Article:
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Iran says oil exports, production holding up despite looming sanctions

Iran’s oil exports have only declined “very slightly,” while production has remained level, the managing director of National Iranian Oil Company said Tuesday.

“We are very solid now” in terms of production outlook, Ali Kardor said at an oil and power conference in Tehran, though he conceded that this could change depending on how NIOC’s sales volumes hold up.
Iran faces the reimposition of US sanctions targeting its oil sales on November 5. Many buyers of Iranian crude are already ramping down their purchases ahead of the deadline.

Oil exports from the country fell to their lowest level in at least two and a half years in September to 1.7 million b/d, from 1.92 million b/d in August, according to S&P Global Platts trade flow software cFlow, though some shipments not visible through vessel-tracking data are suspected to be taking place. About 1.5 million b/d of the September figure consisted of crude oil, while the remainder was condensate.

Iran’s crude production, meanwhile, dropped to 3.50 million b/d in September from 3.60 million b/d in August, the latest Platts OPEC production survey found.

Iran, however, self-reported to OPEC that its September output was much higher at 3.76 million b/d, down from 3.81 million b/d in August.

To get around the sanctions, Iran has reactivated its domestic exchange, or bourse, where private traders can buy Iranian crude to resell into the international market, rather than NIOC selling directly to refiners.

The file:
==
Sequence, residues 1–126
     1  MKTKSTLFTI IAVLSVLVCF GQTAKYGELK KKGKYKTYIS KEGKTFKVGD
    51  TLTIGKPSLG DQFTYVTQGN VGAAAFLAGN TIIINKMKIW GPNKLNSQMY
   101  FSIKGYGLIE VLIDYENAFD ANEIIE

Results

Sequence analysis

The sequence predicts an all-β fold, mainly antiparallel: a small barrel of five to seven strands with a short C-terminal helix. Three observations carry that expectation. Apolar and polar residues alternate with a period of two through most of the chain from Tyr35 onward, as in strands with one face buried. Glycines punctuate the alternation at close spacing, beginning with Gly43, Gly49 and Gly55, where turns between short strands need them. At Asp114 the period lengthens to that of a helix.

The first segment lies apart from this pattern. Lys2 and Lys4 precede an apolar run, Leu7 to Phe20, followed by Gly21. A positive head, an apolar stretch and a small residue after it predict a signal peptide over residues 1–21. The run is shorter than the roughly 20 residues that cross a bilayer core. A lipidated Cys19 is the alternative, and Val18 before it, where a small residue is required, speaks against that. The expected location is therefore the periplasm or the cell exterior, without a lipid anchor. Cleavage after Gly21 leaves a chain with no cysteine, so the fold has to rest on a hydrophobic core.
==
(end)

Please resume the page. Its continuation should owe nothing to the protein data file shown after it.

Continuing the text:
NIOC aims to launch a sale of 1 million barrels on October 26. At the conference Tuesday, Kardor said the base price for the crude, which will be sold in 35,000 barrel lots, had been set at $79.15/b, pending market conditions.

Many analysts doubt the bourse, last used four years ago when US and EU sanctions were in force, will be very successful, as any international buyers would still likely to be subject to US sanctions for dealing with Iranian entities.

Iranian oil minister Bijan Zanganeh said the looming sanctions had impacted investment in Iran’s oil industry, but he said Iran would try to find ways to finance technology and know-how through domestic markets to keep the oil flowing.

“The sanctions are certainly harmful but we should try to minimize the harm,” he said at the same conference. “Some foreign companies are not willing to make investment in Iran oil and gas industry. This will be for a while, until the US unilateral sanctions are removed. But it doesn’t mean we can’t do anything. More than money, we need technologies and management.”

He reiterated his criticism of the US for its sanctions – not only against Iran but also against fellow oil producers Russia and Venezuela – for destabilizing the market and disincentivizing investment, which he said could lead to a supply shortage in the next few years.

“The market is smart and it realizes the sanctions impact would surface in production three years later,” he said. “And this expectation influences today’s price.”

Source: Platts

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